Strategy Dynamics Essentials by Kim Warren
as a Four Stars book in my review on Amazon.co.uk. This means I think the book Is Good and Well Worth Reading.
Here is my book review.
Turn your strategy into a detailed model and stop it being wishy-washy good intentions
This is not an ordinary book on strategy and therefore it won’t be suitable for many people who are looking for a how to guide.
The author recognises the problem of well meaning but wishy washy strategic plans that are intended to increase long term profits and cash flows but fail to provide a link from strategic objectives through to tactics and performance numbers.
The book introduces a concept of business modelling based on cause and effect relationships between resources and flows.
- Resources are measured at a snapshot in time e.g. cash at the bank at the end of a particular day.
- Flows are movements in or out of the resources over a period of time. It’s easiest to think of this concept as a bank account or a bath tub without a plug.
Important resources that need attention include the number of customers and the number of skills that employees have of good standing since they determine the performance of the business.
These relationships are presented in a diagram using special software although the same logic could be done with a spreadsheet but presentation would be an issue.
The diagrams are easy to understand when you look at a single resource affected by several flows in or out but adding additional resources means the diagrams become more complicated until you become much more familiar with reading them.
I must also point out that the diagrams are very hard to see and read using a normal kindle reader so, after looking at the sample and finding it interesting, I think you’ll be much better off with the printed book.
It’s not an easy read, just as reading about any software is hard going but, I think it can fire up your imagination. It did mine.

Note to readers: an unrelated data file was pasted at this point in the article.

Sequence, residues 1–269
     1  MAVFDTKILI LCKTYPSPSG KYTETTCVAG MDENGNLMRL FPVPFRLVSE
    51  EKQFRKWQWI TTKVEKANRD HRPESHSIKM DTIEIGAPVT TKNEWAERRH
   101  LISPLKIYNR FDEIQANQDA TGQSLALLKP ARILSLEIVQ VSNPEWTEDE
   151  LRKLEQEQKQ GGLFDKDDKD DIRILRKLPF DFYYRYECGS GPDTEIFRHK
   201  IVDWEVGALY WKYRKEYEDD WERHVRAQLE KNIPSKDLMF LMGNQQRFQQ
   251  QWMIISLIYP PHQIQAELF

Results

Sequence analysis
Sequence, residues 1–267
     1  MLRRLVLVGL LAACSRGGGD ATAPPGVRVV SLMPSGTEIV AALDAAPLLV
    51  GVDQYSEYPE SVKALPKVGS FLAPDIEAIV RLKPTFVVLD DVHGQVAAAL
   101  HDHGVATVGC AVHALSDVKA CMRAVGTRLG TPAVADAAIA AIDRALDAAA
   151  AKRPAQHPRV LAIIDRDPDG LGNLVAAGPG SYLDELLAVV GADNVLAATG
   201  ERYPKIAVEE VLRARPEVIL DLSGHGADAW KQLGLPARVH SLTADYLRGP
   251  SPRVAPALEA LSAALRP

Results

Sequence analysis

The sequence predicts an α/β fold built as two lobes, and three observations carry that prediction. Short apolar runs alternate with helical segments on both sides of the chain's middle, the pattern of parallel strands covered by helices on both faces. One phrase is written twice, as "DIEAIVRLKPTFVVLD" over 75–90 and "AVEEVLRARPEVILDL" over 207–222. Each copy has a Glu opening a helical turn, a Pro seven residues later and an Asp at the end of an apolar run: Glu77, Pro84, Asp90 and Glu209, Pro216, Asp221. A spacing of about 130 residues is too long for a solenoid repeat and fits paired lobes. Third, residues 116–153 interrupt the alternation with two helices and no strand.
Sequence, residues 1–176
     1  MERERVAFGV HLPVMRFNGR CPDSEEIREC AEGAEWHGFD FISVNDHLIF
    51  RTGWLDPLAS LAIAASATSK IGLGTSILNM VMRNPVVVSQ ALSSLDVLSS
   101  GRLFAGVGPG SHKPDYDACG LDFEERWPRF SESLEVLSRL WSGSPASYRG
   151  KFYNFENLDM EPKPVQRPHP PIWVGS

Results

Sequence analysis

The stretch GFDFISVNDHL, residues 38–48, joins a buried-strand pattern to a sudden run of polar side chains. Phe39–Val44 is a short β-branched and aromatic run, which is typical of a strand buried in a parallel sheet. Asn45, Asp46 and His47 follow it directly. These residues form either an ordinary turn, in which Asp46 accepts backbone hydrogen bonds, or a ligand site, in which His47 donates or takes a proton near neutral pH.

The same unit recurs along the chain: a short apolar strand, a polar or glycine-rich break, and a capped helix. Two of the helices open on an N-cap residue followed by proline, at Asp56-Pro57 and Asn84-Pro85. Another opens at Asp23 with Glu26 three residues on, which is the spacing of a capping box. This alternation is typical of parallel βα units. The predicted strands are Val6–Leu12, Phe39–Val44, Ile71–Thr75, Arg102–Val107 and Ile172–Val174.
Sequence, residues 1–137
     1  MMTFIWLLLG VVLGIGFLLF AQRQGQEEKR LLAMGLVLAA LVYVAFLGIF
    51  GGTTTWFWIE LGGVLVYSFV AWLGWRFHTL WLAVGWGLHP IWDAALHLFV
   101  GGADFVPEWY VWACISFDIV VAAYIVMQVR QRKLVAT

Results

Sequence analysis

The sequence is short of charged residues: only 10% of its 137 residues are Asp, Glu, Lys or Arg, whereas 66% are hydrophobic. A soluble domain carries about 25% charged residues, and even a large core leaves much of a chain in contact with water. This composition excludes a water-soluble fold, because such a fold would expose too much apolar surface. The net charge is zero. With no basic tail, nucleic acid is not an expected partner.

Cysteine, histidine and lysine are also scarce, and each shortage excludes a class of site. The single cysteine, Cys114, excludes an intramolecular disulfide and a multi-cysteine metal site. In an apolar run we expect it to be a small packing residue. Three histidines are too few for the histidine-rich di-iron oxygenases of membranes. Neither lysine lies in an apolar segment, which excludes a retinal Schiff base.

Yes the strategy dynamics model of a business is complicated but it’s still a simplification of the real business where it’s hard, perhaps impossible to identify and understand cause and effect relationships, especially when there is a time delay e.g. increasing marketing in month 2 may only see an increase in sales revenue in month 5 and in cash in month 7 when the customer pays.
Without such a model that looks forward as well as back, you’re left with theoretical ideas about how the business works but these are unlikely to be shared with colleagues and may be full of inconsistencies as you attribute good and bad events to multiple causes.
I was first introduced to the idea of systems dynamics by the book The Fifth Discipline: The art and practice of the learning organization: where the idea of stocks (resources) and flows and reinforcing and balancing feedback systems in the mid 1990s. I was excited by the possibilities these ideas could bring to competitive strategy but the field hasn’t developed as I’d hoped or expected.
This is a good step in the right direction although I should point out that, unlike general systems thinking that tries to give the big picture view of what’s happening, this strategy dynamics modelling approach works the other way. It breaks down the business into smaller cause and effect relationships which are of more practical use to tactical decisions. I’d like to think that both approaches can be used and reconciled.
I bought one of his earlier, larger books in the early 2000s. I found that book very hard to read and I don’t think I finished it but this is easier, partly because it’s smaller.
It’s still tough unless you get excited about the insights that the modelling approach can provide. I think it’s useful to start thinking about part of your business in terms of resources together with inflows and outflows so that you can gain an impression of the improved understanding that can be available from building a strategy dynamics model and how it can link through into ideas like strategy maps and the balanced scorecard.
Ultimately it’s a long marketing letter for the author’s company training and software. I think I’m impressed enough to take this further.Business Books Reviews by Paul Simister (Please click). I've also narrowed these down to a list of the 12 Best Business Books For Business Owners & Entrepreneurs (Please click).
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